As the clock ticked down to midnight on Friday, Hong Kong lawmakers, according to decades-old tradition, were supposed to put aside political differences, gather in the legislative chamber and wave at the cameras of the assembled media as they brought their four-year terms to an end.
But there was no appetite for the ceremony this time around.
Instead, members of the opposition camp decided to take their own separate group picture. “It is to show us cutting ties with them,” said Claudia Mo Man-ching of the Council Front.
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After years of bitter finger-pointing which at times devolved into physical clashes as the city lurched from one crisis to another, the atmosphere in the legislature grew unprecedentedly hostile, according to lawmakers from across the political divide.
The Legislative Council’s sixth term got off to a poor start. All 70 members joined the session for the swearing-in ceremony in October 2016 but that would be one of the final ones where a full house assembled. The opposition soon suffered its first setback. Among the fresh faces were six localists who rode the momentum of the pro-democracy Occupy movement from two years before and had advocated either Hong Kong independence or self-determination.
The government for the first time mounted a legal challenge to unseat lawmakers – Sixtus Baggio Leung Chung-hang and Yau Wai-ching of Youngspiration – after they shouted pro-independence slogans and insulted China during their oath-taking ceremonies that November.
Six lawmakers were eventually unseated over improper oath-taking antics, among them young activist Nathan Law Kwun-chung, who is now in self-imposed exile following Beijing’s imposition of the sweeping national security legislation in June.
“The disqualification was in essence a move to overturn the election results,” said Democratic Party chairman Wu Chi-wai as he reviewed the past term. “It was just a prologue to a series of episodes which saw the government and its allies repeatedly using their powers to weaken the legislature’s ability to hold the authorities accountable.”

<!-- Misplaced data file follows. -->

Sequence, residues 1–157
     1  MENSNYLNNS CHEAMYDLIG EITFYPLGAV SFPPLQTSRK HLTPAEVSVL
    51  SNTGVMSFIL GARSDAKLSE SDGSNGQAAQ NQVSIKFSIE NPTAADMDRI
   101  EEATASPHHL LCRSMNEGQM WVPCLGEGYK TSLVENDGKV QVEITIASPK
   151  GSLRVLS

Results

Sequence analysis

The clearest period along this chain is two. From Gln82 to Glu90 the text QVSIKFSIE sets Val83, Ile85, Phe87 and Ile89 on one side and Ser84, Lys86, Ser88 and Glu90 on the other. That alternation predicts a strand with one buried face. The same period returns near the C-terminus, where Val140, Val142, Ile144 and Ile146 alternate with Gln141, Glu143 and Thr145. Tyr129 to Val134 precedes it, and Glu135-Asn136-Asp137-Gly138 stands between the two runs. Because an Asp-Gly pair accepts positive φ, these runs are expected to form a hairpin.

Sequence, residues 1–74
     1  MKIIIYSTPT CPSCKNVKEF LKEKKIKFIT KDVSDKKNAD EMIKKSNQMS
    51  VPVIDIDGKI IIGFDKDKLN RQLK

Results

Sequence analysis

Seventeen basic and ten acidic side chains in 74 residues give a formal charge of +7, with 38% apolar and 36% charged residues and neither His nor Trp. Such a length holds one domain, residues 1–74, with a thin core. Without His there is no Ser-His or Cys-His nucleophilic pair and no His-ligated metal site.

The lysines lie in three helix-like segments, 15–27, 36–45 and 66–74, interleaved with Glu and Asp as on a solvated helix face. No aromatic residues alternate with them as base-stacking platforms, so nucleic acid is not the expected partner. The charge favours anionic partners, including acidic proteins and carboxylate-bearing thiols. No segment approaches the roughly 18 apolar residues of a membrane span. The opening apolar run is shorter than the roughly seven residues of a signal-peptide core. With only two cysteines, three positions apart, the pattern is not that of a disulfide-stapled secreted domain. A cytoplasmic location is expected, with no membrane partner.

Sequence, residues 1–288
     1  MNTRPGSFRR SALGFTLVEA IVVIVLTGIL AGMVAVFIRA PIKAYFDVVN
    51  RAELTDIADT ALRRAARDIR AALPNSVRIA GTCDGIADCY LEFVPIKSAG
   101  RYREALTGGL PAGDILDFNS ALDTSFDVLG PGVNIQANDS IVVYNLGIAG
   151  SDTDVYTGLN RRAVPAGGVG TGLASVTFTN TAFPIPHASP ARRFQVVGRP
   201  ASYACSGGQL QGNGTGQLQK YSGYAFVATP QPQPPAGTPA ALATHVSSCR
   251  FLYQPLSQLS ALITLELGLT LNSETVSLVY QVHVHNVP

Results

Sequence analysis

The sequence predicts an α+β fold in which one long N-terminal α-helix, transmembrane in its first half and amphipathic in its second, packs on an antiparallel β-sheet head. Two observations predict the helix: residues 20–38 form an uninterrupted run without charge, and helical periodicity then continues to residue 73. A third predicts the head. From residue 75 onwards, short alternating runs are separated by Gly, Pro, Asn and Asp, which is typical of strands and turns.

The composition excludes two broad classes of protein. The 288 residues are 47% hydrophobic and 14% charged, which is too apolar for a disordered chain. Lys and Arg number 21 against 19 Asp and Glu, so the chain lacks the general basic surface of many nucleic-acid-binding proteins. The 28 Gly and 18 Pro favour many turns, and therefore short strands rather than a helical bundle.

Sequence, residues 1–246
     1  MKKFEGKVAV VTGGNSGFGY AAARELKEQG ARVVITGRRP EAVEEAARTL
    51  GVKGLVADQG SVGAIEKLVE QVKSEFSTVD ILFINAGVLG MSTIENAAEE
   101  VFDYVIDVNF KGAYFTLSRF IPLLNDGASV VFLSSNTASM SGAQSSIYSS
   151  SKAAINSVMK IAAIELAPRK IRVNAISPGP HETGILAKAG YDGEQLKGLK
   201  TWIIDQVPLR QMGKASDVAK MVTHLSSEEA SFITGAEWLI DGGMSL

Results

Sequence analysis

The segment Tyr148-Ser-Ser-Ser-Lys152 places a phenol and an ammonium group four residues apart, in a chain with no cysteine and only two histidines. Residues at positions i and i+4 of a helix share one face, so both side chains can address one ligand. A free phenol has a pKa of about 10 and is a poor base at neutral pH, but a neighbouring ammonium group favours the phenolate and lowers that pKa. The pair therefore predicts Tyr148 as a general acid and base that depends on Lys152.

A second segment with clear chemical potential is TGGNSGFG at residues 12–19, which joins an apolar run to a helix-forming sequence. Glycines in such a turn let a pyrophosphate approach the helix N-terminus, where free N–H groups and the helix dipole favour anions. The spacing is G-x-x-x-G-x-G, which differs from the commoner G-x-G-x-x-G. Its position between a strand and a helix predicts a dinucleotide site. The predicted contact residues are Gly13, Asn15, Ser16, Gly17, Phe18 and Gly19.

Wu was referring to the pro-establishment bloc’s successful bid to amend the Legco rule book to limit filibustering tactics in 2017, and the administration’s attempt to push through a controversial plan to set up a joint border checkpoint with mainland China in the heart of the city a year later.
Wu argued it was officials’ intransigent attitude that sparked the city’s worst political storm last year when it insisted on pushing ahead with a controversial, now-withdrawn extradition bill.
The bill, which laid out the framework for transferring suspects to the mainland, was met with massive opposition by residents, who took to the streets that June and launched what became the anti-government movement that brought the city to the edge of anarchy.
At the height of the scrutiny of the bill in May last year, the opposition bloc and government-friendly camp physically fought as they tried to seize control of the Bills Committee. The fracas forced the meeting to adjourn and left one lawmaker in hospital and at least three others claiming injuries.
The Legco complex was then stormed and vandalised by protesters on July 1 last year as the city marked the 22nd anniversary of its handover to Chinese rule. The anti-government movement pushed the administration to meet five key demands, including the withdrawal of the bill and the implementation of universal suffrage.
The months of violence prompted Beijing to introduce the national security law that targets acts of secession, subversion, terrorism and collusion with foreign forces.
Looking back, Legco president Andrew Leung Kwan-yuen described the past four years as a roller coaster. The number of times members were ordered to withdraw from the chamber due to grossly disorderly conduct totalled 97, more than the previous term’s 75, while a record 25 members were involved, compared with seven before.
“The relation between executive and legislative branches had a good start when [Chief Executive] Carrie Lam Cheng Yuet-ngor took office,” he said. “She accepted our suggestion to come for a monthly question and answer session and did a great job following up the issues. But, it just went sour suddenly.”